The specific word represented by the middle letter in a CXO job is typically well-established and hasn’t changed in years, often decades. CEO immediately brings to mind a company’s top executive. Everyone acknowledges the COO is responsible for operations and the CFO manages the company’s finances.
But how about the “I” in CIO? Several years ago, the notion of the CIO as the Chief Integration Officer began making the rounds, and Ron Gurrier, CIO of Farmers Insurance, discussed the CIIIO (Information, Integration, and Inspiration Officer) in his article “From CIO to CIIIO-Being Chief Information Officer is No Longer Enough.” But most CIOs, both inside and beyond the aerospace industry, have a whole bunch of “I’s” on which we need to focus, and a whole lot of eyes focused on us!
I is for Information – No doubt, the traditional definition is still extremely important. CIOs are responsible for ensuring customers can create, analyze, store, share, locate, exploit, and transform information. Protecting and preserving information will always be a key accountability as well.
I is for Innovation – As Chief Innovation Officers, we are constantly seeking the best way to improve organizational capabilities. Applied correctly, information technology is a key force-multiplier for knowledge workers, and information exchange typically fuels innovation. We have seen how technical and cloud computing can help engineers solve difficult problems at increasing scales. We have also seen how machine learning can find hidden correlations and make it easier for our customers to find the knowledge they need. Automation can eliminate manual work, reduce bureaucracy, and free up staff to work on more important and creative problems.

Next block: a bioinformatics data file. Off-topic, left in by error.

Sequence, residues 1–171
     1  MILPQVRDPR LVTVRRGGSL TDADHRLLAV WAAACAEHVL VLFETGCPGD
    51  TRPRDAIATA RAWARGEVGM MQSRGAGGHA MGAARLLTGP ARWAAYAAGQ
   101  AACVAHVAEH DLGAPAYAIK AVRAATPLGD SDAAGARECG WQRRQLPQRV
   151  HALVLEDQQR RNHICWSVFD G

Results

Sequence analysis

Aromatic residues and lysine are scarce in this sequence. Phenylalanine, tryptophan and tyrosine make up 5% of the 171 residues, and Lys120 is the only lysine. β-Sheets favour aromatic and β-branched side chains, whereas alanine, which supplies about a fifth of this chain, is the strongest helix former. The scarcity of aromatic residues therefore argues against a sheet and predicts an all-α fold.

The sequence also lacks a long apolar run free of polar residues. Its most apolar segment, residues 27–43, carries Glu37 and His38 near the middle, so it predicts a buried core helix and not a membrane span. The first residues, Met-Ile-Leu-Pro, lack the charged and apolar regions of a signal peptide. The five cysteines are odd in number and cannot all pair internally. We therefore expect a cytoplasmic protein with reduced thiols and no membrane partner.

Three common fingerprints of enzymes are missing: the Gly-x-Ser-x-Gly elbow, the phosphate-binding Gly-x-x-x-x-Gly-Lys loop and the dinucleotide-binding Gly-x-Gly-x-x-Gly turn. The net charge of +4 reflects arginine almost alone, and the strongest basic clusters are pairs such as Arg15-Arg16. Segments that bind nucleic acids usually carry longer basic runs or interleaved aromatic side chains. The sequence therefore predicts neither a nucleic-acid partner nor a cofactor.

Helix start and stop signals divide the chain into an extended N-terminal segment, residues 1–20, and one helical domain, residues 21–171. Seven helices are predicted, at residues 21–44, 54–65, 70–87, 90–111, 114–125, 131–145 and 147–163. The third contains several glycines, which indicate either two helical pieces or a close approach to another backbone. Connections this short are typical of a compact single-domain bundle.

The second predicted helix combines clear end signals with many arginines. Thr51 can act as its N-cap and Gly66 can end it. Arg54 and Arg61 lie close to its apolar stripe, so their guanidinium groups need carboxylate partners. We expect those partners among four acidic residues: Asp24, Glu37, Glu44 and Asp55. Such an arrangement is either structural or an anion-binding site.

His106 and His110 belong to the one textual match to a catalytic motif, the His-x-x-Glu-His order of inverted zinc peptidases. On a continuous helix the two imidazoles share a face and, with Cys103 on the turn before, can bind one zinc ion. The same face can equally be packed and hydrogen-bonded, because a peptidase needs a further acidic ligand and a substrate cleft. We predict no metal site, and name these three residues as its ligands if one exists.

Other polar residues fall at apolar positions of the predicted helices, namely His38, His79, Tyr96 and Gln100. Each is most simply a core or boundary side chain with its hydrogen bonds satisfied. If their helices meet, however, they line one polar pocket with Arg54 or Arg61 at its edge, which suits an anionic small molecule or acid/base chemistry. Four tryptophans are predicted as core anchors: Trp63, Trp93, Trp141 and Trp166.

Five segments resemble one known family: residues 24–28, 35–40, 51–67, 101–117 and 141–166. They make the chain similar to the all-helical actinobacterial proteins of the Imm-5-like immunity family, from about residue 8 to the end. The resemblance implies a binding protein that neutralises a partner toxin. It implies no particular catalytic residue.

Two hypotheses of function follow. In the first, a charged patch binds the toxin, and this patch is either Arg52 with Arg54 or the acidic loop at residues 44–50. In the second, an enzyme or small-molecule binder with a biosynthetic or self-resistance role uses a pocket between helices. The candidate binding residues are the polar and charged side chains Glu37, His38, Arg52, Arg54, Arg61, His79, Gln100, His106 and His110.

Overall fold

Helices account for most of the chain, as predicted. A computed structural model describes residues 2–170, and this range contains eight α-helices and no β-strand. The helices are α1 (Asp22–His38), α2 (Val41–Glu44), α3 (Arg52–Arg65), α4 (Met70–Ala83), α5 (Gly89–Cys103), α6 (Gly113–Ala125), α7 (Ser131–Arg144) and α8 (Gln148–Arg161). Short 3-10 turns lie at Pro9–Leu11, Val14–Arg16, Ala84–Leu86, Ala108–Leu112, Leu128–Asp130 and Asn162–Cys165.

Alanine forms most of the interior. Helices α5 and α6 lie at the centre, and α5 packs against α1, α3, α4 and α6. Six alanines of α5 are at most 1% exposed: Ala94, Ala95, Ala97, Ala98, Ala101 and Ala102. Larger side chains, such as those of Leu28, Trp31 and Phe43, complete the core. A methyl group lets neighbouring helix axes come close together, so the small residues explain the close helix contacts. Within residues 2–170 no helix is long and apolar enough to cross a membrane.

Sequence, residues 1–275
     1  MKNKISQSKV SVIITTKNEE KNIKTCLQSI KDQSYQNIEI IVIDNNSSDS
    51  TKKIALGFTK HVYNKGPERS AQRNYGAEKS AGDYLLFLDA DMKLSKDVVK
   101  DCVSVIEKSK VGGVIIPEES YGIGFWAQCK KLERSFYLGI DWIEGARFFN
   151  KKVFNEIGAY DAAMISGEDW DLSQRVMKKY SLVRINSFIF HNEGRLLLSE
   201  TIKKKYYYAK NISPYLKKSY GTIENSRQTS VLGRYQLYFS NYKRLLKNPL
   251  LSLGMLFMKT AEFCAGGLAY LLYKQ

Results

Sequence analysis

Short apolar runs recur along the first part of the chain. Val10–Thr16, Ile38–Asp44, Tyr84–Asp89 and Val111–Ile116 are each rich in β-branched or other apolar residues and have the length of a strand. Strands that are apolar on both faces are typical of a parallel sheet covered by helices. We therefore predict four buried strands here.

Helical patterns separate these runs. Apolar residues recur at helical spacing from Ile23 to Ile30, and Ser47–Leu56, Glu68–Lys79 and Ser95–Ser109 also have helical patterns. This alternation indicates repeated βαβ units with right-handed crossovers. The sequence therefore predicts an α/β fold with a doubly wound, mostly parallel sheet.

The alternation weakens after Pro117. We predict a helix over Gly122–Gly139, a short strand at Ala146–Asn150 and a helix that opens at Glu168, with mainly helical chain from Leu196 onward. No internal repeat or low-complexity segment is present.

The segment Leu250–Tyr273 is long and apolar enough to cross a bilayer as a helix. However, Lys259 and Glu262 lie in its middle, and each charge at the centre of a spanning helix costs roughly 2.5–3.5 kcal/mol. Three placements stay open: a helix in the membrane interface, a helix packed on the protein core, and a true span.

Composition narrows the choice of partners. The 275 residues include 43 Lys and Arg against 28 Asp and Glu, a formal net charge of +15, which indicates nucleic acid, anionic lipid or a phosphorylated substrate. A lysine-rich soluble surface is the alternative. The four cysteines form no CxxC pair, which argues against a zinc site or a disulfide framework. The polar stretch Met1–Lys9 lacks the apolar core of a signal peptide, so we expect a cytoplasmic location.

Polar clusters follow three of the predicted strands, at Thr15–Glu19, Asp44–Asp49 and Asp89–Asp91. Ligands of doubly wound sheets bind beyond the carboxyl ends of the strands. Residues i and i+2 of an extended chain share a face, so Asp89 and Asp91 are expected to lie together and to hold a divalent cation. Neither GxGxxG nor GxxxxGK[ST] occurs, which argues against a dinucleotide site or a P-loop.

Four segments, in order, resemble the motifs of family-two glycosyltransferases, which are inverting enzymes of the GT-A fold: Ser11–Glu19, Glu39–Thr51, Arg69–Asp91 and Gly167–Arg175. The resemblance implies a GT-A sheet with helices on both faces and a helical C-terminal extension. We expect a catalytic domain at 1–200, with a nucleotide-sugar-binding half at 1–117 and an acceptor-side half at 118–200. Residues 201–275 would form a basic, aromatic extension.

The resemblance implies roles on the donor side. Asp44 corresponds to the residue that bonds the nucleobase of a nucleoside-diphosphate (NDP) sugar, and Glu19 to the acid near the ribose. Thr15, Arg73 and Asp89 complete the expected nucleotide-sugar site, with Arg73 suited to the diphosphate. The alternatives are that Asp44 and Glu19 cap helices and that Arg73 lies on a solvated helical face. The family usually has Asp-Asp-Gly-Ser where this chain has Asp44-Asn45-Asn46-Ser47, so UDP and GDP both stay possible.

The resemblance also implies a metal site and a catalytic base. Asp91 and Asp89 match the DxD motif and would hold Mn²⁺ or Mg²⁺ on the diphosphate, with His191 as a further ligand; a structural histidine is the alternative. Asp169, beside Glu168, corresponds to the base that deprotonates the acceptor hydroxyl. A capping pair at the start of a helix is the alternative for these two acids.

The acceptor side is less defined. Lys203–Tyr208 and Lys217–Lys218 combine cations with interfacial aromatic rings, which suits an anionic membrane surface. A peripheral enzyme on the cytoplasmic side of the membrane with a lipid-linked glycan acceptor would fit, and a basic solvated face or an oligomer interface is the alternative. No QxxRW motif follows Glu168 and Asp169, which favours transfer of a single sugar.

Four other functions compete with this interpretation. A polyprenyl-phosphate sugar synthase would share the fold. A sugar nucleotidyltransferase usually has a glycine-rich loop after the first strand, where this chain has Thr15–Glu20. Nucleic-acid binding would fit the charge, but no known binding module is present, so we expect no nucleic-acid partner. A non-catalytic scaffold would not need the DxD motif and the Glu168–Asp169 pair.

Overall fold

I is for Infrastructure – We are accountable for the operation of hardware and software infrastructures, whether on-site or in the cloud: networks, servers, storage, applications, databases, mobile devices, and information security. Beyond this, CIOs are accountable for making sure this infrastructure is reliable, robust, and operates at enterprise scale—such that everything “just works” and our customers never have to think about these concerns. (In that sense, we are also Chief Invisibility Officers!).
I is for Identity – CIOs today own identity management for their organizations, which integrates all our services. Identity management is the key to security. We’re accountable for ensuring that we know who is accessing our networks, systems, and data—and making sure that everyone is who they say they are! Identity management is also a way to improve the user experience—the nirvana of universal single sign-on is a goal of every CIO and, like most things, tantalizingly just out of reach.